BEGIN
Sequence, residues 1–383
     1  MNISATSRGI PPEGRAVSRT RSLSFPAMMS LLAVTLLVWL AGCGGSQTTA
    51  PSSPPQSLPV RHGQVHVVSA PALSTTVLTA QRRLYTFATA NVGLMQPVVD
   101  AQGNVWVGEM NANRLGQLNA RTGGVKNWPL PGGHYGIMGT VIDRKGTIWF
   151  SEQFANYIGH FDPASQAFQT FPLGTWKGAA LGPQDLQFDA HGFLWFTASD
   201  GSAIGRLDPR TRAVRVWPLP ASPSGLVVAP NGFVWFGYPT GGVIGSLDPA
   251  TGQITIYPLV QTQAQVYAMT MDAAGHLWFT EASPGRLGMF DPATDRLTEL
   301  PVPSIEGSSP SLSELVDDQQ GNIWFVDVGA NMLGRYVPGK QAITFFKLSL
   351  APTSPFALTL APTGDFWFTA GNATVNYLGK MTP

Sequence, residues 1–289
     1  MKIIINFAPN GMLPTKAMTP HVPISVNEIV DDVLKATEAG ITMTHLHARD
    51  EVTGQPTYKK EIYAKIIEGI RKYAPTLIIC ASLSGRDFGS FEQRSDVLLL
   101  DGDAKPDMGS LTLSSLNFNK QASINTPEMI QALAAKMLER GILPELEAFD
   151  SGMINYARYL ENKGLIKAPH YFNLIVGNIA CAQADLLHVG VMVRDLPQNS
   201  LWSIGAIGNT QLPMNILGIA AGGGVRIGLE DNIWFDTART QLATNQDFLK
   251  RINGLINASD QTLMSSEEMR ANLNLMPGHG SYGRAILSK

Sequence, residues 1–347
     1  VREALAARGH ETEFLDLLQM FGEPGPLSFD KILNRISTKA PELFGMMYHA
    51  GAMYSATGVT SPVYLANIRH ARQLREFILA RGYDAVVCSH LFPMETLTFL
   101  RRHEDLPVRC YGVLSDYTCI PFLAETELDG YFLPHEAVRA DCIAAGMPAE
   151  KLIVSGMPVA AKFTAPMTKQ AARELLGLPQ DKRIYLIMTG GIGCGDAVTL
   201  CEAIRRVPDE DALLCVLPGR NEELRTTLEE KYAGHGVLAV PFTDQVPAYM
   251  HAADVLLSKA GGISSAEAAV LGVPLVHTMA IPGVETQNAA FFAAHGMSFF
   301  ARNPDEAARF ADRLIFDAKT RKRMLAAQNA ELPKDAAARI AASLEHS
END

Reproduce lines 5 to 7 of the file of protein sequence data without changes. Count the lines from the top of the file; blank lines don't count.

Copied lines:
   151  SEQFANYIGH FDPASQAFQT FPLGTWKGAA LGPQDLQFDA HGFLWFTASD
   201  GSAIGRLDPR TRAVRVWPLP ASPSGLVVAP NGFVWFGYPT GGVIGSLDPA
   251  TGQITIYPLV QTQAQVYAMT MDAAGHLWFT EASPGRLGMF DPATDRLTEL